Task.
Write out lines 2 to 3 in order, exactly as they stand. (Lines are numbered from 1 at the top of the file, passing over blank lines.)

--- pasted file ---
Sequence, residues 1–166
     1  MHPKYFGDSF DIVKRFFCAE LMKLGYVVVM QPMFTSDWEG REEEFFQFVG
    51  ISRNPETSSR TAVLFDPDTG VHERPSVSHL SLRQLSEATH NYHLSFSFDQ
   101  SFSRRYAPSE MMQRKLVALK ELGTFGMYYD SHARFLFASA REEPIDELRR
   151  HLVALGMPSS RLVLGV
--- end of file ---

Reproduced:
     1  MHPKYFGDSF DIVKRFFCAE LMKLGYVVVM QPMFTSDWEG REEEFFQFVG
    51  ISRNPETSSR TAVLFDPDTG VHERPSVSHL SLRQLSEATH NYHLSFSFDQ